And Hashem God made for Adam and his wife garments of skin, and He clothed them. –Genesis 3:21 (Stone Edition Tanakh)
Not only did God Himself make them comfortable garments, He Himself clothed them to show that He sill loved them, despite their sin. -R’Bachya
If Judaism had relied exclusively on the human resources for the good, on man’s ability to fulfill what God demands, on man’s power to achieve redemption, why did it insist upon the promise of messianic redemption? Indeed, messianism implies that any course of living, even the supreme human efforts, must fail in redeeming the world. It implies that history for all its relevance is not sufficient to itself.
There are two problems: the particular sins, the examples of breaking the law, and the general and radical problem of “the evil drive” in man. The law deals with the first problem: obedience to the law prevents evil deeds. Yet, the problem of the evil drive is not solved by observance. The prophets answer was eschatological…”Behold, days are coming, says the Lord, and I will form a covenant with the house of Israel…not like the covenant that I formed with their forefathers…I will place My law in their midst and I will inscribe it upon their hearts” (Jeremiah 31:30-33). “And I will give you a new heart, and a new spirit will I put within you, and I will take away the heart of stone out of your flesh, and I will give you a heart of flesh. And I will put My spirit within you and bring it about that you will walk in My statutes and you will keep My ordinances” (Ezekiel 36:26-27).
-Abraham Joshua Heschel
God in Search of Man : A Philosophy of Judaism (p. 379)
Creation, existence, devotion, obedience, sin, failure, humiliating shame, but still love.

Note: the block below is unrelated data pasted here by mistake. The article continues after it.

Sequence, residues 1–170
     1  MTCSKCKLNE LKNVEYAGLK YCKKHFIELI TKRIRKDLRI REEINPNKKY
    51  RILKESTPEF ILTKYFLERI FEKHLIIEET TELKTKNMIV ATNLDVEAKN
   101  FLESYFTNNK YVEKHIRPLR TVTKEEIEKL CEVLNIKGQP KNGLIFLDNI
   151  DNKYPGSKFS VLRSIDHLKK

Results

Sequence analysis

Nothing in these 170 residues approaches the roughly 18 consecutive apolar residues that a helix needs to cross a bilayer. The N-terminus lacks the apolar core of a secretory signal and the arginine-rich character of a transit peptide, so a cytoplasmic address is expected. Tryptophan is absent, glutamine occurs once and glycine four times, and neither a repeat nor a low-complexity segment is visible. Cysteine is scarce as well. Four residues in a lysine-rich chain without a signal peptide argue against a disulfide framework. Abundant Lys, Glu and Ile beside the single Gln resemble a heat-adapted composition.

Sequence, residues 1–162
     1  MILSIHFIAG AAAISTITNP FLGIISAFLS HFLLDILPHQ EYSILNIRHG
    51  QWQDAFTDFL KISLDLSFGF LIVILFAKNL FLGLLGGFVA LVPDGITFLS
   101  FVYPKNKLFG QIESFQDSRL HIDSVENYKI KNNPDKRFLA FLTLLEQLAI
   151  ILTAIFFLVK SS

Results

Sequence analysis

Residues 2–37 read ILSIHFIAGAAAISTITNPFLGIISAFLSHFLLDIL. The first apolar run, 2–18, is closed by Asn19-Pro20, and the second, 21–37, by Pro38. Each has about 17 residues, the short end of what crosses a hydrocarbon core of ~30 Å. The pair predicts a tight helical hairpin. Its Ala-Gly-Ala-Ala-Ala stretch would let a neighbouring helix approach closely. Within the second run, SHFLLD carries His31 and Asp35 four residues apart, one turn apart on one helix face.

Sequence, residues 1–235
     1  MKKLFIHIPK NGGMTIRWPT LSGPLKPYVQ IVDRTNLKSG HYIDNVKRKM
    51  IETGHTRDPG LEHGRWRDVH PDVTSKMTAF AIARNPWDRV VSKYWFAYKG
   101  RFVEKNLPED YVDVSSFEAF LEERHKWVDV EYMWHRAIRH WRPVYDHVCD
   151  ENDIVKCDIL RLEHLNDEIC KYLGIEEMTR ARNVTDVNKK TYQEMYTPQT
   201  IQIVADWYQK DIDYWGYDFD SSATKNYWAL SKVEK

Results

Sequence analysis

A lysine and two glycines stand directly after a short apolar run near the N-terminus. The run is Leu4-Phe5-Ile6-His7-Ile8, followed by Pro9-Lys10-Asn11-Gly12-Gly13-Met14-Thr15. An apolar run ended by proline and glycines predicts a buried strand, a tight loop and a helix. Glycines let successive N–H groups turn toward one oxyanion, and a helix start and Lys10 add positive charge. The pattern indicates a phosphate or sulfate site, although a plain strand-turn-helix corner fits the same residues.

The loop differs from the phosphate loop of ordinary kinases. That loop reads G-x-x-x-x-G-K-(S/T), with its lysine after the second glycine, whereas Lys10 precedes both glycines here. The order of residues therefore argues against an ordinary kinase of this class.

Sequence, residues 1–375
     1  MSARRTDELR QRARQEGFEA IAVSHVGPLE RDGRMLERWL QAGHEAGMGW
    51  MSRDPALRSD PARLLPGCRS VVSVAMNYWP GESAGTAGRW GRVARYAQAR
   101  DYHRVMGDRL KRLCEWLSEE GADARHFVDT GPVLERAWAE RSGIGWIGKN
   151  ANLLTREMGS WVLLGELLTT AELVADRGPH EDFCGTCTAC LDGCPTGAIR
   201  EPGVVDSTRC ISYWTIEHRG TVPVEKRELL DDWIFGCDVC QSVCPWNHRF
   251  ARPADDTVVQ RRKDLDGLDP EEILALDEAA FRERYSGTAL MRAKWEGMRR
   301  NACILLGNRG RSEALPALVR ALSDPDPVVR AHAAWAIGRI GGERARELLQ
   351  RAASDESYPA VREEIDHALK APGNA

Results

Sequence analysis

The story of Genesis is the story of humanity. We are born into the universe and spend our lives trying to understand who we are and why we exist, and then we attempt to live up to what we believe is the purpose of our lives. Those us who have an awareness of God and a faith in our Creator strive to connect to the object of our faith and to join with Him in creating acts of holiness in the world around us.
I acknowledge You, for I am awesomely, wondrously fashioned; wondrous are Your works, and my soul knows it well. My frame was not hidden from You; that which I was made in concealment, which I was knit together in the lowest parts of the earth. –Psalm 139:14-15 (Stone Edition Tanakh)
But we fail, not all the time, but often. How like Adam and Eve we sometimes feel shame and stand naked and exposed in our transgressions against Him.
But love and the struggle to continue in the face of our failures for the sake of Heaven is also the story of Genesis.
Man’s ability to transcend the self, to rise above all natural ties and bonds, presupposes further that every man lives in a realm governed by law and necessity as well as in a realm of creative possibilities. It presupposes his belonging to a dimension that is higher in nature, society, and the self, and accepts the reality of such a dimension beyond the natural order. Freedom does not mean the right to live as we please. It means the power to live spiritually, to rise to a higher level of existence…Freedom is an act of self-engagement of the spirit, a spiritual event. -Heschel p. 411
It is for freedom that Christ has set us free. Stand firm, then, and do not let yourselves be burdened again by a yoke of slavery. –Galatians 5:1